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5 times Trump has spread confusion or misinformation about the coronavirus

President Trump.Evan Vucci/Associated Press

President Trump on Thursday once again sparked a backlash with comments he made during a White House briefing on the federal coronavirus response, when he wondered aloud whether it would be possible to use disinfectant to treat patients.

The suggestions were immediately shot down by doctors and manufacturers of cleaning products.

But the episode highlighted the controversial president’s broken relationship with facts and science. Since the beginning of the pandemic, the president has more than once misinformed an American public desperate for guidance.

Here are five times Trump sowed confusion or spread misinformation about the coronavirus:

1) He suggested light and disinfectant could be used to treat coronavirus patients


After a Department of Homeland Security official’s presentation showing that virus particles are weakened by sunlight and humidity and handily eliminated by disinfectants such as bleach and isopropyl alcohol, Trump questioned whether light and disinfectants could also be a treatment for patients.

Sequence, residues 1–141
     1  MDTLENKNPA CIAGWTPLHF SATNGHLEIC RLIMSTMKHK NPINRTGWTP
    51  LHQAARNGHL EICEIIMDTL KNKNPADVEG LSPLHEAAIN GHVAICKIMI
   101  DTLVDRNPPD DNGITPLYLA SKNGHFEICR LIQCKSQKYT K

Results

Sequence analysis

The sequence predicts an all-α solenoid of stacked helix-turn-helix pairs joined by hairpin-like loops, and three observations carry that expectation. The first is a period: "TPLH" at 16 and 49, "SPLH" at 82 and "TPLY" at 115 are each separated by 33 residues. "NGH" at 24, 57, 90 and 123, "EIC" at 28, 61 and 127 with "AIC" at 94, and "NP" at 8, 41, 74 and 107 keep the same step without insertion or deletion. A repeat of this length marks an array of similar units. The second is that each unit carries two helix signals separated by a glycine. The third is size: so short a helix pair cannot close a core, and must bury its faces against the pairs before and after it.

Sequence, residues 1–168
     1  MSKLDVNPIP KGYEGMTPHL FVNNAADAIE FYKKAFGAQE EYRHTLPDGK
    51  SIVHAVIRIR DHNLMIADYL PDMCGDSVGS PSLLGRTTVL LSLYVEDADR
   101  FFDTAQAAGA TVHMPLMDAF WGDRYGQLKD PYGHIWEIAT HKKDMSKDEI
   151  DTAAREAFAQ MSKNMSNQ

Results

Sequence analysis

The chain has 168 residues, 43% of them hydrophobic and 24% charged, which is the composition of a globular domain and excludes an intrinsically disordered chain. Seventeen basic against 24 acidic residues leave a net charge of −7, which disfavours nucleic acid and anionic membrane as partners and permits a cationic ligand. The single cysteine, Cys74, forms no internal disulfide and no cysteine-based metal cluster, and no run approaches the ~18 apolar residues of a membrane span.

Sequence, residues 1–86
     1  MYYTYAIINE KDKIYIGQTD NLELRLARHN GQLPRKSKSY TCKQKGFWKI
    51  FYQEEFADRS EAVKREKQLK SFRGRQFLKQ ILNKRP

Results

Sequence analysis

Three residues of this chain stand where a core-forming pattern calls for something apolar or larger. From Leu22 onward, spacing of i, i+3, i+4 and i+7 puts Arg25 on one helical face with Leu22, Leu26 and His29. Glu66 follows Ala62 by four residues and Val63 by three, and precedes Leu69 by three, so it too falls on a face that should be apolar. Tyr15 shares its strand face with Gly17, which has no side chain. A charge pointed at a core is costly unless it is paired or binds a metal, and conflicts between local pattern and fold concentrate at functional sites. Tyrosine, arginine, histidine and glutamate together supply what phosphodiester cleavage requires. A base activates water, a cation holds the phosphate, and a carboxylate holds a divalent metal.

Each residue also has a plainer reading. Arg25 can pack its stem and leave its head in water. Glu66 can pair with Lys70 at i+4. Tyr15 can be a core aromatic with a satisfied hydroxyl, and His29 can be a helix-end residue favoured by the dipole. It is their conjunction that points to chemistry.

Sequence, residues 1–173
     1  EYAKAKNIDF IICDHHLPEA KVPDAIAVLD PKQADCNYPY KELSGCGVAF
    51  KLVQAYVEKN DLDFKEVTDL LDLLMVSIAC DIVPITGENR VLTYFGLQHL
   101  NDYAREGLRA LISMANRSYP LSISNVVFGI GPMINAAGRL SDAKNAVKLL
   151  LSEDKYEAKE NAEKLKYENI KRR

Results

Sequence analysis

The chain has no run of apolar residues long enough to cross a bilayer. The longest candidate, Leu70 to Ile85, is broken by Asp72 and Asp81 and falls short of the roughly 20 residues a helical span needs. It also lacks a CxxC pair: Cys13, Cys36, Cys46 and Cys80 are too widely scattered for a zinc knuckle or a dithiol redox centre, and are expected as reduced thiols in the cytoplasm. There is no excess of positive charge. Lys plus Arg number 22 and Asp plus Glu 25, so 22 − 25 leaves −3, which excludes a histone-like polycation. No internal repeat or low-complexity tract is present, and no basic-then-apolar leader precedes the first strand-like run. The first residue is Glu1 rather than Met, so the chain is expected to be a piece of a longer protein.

“So, supposing we hit the body with a tremendous — whether it’s ultraviolet or just very powerful light — and I think you said that that hasn’t been checked, but you’re going to test it. And then I said, supposing you brought the light inside the body, which you can do either through the skin or in some other way, and I think you said you’re going to test that too,” Trump said Thursday during a coronavirus task force briefing.

“And then I see the disinfectant, where it knocks it out in a minute. One minute. And is there a way we can do something like that, by injection inside or almost a cleaning. Because you see it gets in the lungs and it does a tremendous number on the lungs. So it would be interesting to check that,” he continued.